A dentist and staff go over paperwork and verbal acknowledgement.

Value of a Verbal Acknowledgement

Getting ready to perform an invasive or risky procedure? Consider taking a “time out,” a tool that allows you and your staff to take a breather to make sure everyone is on the same page and your documentation is completed.

Outside of your practice, you’ve likely seen and even participated in a time out as you’ve been taxiing on an airplane runway:

Verbal Agreement Example

Before takeoff, a flight attendant addresses the people seated in the emergency exit row and asks them questions about their ability and willingness to assist passengers off of the plane if necessary. The answer to these questions must be verbal – a nod or head shake will not suffice.

If you’ve been seated in the emergency exit row, then you have unwittingly participated in a risk management/safety step to confirm that the passengers were truly paying attention and understand what is being asked of them. Health care and aviation are not dissimilar when it comes to best practices for safety. So what can this airline practice teach us when it comes to dental surgery and procedures?

A Real-Life Scenario

A dentist recently found herself faced with a staff shortage. Temporary staff, employed by an independent third-party company, were brought in to assist. The dentist was relying on the staff to have all the tools and materials needed for a procedure readily available. However, during the “time out” before the procedure commenced, she discovered that the specific supplies had not been obtained and were not readily available, potentially affecting the results and efficiency of the procedure.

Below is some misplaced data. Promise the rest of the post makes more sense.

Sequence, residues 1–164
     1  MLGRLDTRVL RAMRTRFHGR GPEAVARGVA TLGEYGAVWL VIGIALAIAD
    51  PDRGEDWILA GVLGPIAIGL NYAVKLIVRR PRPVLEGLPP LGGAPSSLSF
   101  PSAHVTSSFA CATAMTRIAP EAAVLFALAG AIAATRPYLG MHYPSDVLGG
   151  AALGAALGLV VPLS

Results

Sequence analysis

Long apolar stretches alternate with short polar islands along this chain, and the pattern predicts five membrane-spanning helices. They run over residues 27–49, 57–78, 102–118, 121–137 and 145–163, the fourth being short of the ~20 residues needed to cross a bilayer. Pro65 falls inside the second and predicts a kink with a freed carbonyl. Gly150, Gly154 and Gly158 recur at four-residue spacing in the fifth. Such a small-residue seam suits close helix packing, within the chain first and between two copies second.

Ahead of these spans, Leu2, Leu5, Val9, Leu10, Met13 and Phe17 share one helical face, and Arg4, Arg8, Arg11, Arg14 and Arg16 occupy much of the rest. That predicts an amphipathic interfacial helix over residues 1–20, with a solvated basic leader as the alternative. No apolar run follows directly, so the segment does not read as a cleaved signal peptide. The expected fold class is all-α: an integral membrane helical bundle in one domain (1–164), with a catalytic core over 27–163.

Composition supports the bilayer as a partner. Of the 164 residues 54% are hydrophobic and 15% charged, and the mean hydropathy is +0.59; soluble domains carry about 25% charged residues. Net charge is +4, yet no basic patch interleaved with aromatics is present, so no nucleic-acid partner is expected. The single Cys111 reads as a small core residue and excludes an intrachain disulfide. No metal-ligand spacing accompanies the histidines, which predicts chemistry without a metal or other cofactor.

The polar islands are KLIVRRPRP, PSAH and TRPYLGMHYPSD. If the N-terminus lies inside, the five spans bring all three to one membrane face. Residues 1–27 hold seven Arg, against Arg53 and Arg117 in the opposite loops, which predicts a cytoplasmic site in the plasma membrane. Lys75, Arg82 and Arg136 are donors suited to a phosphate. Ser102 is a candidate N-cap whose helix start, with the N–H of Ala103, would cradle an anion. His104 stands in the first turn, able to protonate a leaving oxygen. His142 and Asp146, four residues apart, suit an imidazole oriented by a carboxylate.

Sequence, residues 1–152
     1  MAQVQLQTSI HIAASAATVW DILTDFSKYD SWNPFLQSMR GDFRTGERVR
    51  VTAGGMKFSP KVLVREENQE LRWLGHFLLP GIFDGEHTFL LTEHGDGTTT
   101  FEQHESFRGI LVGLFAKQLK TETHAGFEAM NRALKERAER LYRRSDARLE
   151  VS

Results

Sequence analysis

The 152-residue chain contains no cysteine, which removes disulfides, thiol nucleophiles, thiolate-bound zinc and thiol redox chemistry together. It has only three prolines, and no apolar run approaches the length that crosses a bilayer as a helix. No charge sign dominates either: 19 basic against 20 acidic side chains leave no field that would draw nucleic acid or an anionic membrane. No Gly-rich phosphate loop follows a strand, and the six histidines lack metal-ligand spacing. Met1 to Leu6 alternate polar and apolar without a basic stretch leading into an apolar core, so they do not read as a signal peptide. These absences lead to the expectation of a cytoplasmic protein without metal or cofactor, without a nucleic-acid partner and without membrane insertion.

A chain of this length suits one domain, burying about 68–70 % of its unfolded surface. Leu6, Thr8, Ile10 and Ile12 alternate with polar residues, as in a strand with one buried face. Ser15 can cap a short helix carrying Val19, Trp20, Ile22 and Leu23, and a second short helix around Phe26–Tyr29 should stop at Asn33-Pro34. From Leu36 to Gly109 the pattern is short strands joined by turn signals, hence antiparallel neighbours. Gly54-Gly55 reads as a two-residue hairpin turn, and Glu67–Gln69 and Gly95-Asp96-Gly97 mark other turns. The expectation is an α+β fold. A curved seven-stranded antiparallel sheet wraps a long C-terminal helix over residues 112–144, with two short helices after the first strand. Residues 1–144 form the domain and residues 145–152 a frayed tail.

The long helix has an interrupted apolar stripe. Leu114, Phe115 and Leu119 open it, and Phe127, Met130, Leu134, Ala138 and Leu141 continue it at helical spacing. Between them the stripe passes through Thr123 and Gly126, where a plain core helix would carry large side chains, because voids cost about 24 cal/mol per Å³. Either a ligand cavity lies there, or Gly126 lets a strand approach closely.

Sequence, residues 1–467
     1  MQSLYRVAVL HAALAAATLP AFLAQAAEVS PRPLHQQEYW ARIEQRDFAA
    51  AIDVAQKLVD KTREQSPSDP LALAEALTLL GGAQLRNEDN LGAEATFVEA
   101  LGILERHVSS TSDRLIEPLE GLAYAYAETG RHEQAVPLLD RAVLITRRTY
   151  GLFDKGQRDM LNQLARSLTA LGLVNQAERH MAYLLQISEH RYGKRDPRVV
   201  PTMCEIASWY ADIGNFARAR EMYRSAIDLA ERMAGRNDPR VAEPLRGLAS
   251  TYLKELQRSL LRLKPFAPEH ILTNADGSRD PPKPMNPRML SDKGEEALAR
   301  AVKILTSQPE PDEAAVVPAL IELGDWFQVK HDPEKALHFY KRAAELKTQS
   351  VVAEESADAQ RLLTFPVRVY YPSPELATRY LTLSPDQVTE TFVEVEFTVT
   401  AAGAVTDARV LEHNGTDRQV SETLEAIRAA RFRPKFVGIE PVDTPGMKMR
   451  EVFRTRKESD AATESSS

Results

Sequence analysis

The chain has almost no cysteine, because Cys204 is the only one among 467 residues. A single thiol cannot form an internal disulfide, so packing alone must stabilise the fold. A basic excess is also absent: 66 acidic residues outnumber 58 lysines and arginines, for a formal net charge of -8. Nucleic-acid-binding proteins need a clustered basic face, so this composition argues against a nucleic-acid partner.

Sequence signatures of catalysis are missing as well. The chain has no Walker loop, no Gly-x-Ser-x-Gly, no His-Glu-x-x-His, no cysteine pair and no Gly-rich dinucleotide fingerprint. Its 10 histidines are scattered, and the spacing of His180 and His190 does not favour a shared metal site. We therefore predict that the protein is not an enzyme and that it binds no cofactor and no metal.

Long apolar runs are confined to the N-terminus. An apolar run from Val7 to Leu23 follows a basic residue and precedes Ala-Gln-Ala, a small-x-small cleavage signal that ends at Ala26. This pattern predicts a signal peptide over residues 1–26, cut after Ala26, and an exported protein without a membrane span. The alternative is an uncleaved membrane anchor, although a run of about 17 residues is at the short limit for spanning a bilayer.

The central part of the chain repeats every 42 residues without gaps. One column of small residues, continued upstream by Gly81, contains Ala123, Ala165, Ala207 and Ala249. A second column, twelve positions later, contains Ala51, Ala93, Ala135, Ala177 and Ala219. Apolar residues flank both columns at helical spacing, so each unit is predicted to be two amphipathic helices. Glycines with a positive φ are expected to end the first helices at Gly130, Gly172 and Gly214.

Does "Time Out" Apply to Dentists?

You have probably heard of a “time out” and may question its use in a dental setting. However, the Joint Commission recommends a time out be performed prior to any invasive or irreversible treatment. As reference, an invasive procedure is defined as one that involves a puncture, an incision or the insertion of foreign material that exposes the patient to more than minimal risk. The time out is a chance to take a breather to communicate with staff, decrease risk, and better ensure patient safety.

Time out checklists can vary depending on your area of expertise and institution, but the basics remain the same:

Pre-Procedure Steps

  • Verify the patient, procedure and site
  • Involve the patient in the confirmation when possible
  • Identify tools, supplies and other necessities for the procedure
  • Review safety precautions based on the patient history

Electronic Health Records

In some cases, you may be able to record that a time out was completed using your Electronic Health Record (EHR). If your EHR doesn't have this capability, consider an additional step to the time out process that allows you to confirm that you have received everything you needed. You should also add a line to document that your staff verbally confirmed that they reviewed and supplied everything requested.